ITU

Makin' Cake: Provocation, self-confrontation and the opacity of play

Research output: Conference Article in Proceeding or Book/Report chapterBook chapterResearchpeer-review

Standard

Makin' Cake : Provocation, self-confrontation and the opacity of play. / Cermak-Sassenrath, Daniel.

Playful Disruption of Digital Media. ed. / Daniel Cermak-Sassenrath. Springer, 2018. p. 223–56 (Gaming Media and Social Effects).

Research output: Conference Article in Proceeding or Book/Report chapterBook chapterResearchpeer-review

Harvard

Cermak-Sassenrath, D 2018, Makin' Cake: Provocation, self-confrontation and the opacity of play. in D Cermak-Sassenrath (ed.), Playful Disruption of Digital Media. Springer, Gaming Media and Social Effects, pp. 223–56. https://doi.org/10.1007/978-981-10-1891-6_15

APA

Cermak-Sassenrath, D. (2018). Makin' Cake: Provocation, self-confrontation and the opacity of play. In D. Cermak-Sassenrath (Ed.), Playful Disruption of Digital Media (pp. 223–56). Springer. Gaming Media and Social Effects https://doi.org/10.1007/978-981-10-1891-6_15

Vancouver

Cermak-Sassenrath D. Makin' Cake: Provocation, self-confrontation and the opacity of play. In Cermak-Sassenrath D, editor, Playful Disruption of Digital Media. Springer. 2018. p. 223–56. (Gaming Media and Social Effects). https://doi.org/10.1007/978-981-10-1891-6_15

Author

Cermak-Sassenrath, Daniel. / Makin' Cake : Provocation, self-confrontation and the opacity of play. Playful Disruption of Digital Media. editor / Daniel Cermak-Sassenrath. Springer, 2018. pp. 223–56 (Gaming Media and Social Effects).

Bibtex

@inbook{d1ed2688cce94321bba6d32aec93057e,
title = "Makin' Cake: Provocation, self-confrontation and the opacity of play",
abstract = "Players can do the most extraordinary things in games without raising an eyebrow. Here, three specific questions are discussed: What do objects and actions in games mean? How are these meanings constructed? By and for whom? It is argued that players most naturally understand and know perfectly well what their actions in games mean and how they relate to everyday life: Actions in play are blank, and mean nothing. Meaning is only created within play, in a fluid, dynamic, and collaborative process, over time, based on an implicit understanding and shared practice. Meaning is not seen as abstract truth and values, for all times and across all cultures, but relative: something gains meaning for somebody, in a particular situation and context. The interactive installation Makin’ Cake demonstrates the issue of the meaning of play activities within and without play by providing an immediate and provocative experience to players and spectators.",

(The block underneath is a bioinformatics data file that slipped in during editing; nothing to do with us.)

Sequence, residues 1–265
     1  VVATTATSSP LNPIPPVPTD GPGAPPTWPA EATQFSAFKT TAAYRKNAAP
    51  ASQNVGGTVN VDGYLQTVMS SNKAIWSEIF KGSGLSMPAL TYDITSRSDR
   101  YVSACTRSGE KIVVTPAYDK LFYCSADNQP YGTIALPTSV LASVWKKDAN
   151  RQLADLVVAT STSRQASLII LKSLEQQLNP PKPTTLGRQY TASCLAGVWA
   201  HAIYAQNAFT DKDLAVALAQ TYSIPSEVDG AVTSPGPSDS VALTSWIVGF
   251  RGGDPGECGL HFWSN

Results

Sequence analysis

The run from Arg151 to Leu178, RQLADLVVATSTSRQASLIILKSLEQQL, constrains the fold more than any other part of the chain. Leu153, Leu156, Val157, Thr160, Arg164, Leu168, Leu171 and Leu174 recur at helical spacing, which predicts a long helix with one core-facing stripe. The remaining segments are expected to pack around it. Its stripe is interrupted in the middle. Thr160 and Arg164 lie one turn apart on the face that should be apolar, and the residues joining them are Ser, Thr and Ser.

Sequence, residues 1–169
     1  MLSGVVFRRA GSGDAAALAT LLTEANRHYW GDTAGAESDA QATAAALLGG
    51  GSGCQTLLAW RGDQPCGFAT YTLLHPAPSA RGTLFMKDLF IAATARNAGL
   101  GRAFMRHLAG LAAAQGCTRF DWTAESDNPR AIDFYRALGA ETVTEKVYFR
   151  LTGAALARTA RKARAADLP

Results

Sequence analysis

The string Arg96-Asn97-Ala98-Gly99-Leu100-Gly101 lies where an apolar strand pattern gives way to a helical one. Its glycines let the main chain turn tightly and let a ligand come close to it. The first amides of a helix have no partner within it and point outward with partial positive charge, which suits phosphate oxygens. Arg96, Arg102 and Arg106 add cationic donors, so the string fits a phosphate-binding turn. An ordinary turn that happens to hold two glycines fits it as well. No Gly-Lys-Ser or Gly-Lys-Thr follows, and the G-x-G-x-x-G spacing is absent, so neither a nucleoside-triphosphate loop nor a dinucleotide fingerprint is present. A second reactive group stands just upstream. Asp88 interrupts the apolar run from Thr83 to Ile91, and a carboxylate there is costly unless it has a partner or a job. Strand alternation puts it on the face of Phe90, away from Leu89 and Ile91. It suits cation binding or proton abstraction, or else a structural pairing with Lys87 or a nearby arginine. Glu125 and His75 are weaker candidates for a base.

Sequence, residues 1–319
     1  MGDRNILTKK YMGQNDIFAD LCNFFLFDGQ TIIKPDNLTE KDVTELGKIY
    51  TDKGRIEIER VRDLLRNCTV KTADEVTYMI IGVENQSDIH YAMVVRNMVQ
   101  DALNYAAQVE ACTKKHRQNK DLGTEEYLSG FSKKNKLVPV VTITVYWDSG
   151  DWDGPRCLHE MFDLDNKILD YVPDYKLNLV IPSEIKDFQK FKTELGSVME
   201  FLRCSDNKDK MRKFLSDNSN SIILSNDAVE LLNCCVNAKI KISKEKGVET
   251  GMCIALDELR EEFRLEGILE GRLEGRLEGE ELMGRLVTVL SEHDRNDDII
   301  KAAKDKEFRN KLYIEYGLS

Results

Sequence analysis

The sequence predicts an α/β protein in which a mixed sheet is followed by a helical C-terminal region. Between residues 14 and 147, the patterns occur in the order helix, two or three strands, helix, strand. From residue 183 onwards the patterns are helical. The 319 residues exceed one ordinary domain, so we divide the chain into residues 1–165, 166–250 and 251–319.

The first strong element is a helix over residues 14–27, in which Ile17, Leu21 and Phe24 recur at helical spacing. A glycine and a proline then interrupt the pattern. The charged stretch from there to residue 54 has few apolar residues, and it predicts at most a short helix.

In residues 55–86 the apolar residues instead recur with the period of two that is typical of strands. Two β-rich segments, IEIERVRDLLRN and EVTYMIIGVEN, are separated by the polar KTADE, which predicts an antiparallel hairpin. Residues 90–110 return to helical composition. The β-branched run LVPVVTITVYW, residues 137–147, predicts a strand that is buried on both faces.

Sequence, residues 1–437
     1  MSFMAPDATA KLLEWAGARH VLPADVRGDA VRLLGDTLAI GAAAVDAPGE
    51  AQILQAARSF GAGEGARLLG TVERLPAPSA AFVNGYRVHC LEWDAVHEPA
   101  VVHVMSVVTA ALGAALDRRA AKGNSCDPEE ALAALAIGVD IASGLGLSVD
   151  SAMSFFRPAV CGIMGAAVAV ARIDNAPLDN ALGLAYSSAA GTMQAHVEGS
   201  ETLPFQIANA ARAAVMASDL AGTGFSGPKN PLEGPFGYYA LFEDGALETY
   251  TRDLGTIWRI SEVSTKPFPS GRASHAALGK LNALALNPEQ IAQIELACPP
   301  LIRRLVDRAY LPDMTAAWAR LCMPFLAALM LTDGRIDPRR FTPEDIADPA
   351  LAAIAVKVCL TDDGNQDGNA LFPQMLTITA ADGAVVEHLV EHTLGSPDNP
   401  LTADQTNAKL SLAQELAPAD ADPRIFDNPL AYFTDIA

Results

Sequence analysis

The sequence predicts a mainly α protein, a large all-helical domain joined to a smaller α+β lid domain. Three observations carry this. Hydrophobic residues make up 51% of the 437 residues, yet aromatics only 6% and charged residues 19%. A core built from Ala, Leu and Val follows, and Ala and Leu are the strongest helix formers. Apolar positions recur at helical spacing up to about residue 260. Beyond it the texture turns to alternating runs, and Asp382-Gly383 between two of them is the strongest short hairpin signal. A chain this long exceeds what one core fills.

author = "Daniel Cermak-Sassenrath",
year = "2018",
doi = "10.1007/978-981-10-1891-6_15",
language = "English",
isbn = "978-981-10-1889-3",
pages = "223–56",
editor = "Daniel Cermak-Sassenrath",
booktitle = "Playful Disruption of Digital Media",
publisher = "Springer",
address = "Germany",

}

RIS

TY - CHAP

T1 - Makin' Cake

T2 - Provocation, self-confrontation and the opacity of play

AU - Cermak-Sassenrath, Daniel

PY - 2018

Y1 - 2018

N2 - Players can do the most extraordinary things in games without raising an eyebrow. Here, three specific questions are discussed: What do objects and actions in games mean? How are these meanings constructed? By and for whom? It is argued that players most naturally understand and know perfectly well what their actions in games mean and how they relate to everyday life: Actions in play are blank, and mean nothing. Meaning is only created within play, in a fluid, dynamic, and collaborative process, over time, based on an implicit understanding and shared practice. Meaning is not seen as abstract truth and values, for all times and across all cultures, but relative: something gains meaning for somebody, in a particular situation and context. The interactive installation Makin’ Cake demonstrates the issue of the meaning of play activities within and without play by providing an immediate and provocative experience to players and spectators.

AB - Players can do the most extraordinary things in games without raising an eyebrow. Here, three specific questions are discussed: What do objects and actions in games mean? How are these meanings constructed? By and for whom? It is argued that players most naturally understand and know perfectly well what their actions in games mean and how they relate to everyday life: Actions in play are blank, and mean nothing. Meaning is only created within play, in a fluid, dynamic, and collaborative process, over time, based on an implicit understanding and shared practice. Meaning is not seen as abstract truth and values, for all times and across all cultures, but relative: something gains meaning for somebody, in a particular situation and context. The interactive installation Makin’ Cake demonstrates the issue of the meaning of play activities within and without play by providing an immediate and provocative experience to players and spectators.

U2 - 10.1007/978-981-10-1891-6_15

DO - 10.1007/978-981-10-1891-6_15

M3 - Book chapter

SN - 978-981-10-1889-3

SP - 223

EP - 256

BT - Playful Disruption of Digital Media

A2 - Cermak-Sassenrath, Daniel

PB - Springer

ER -

ID: 83032489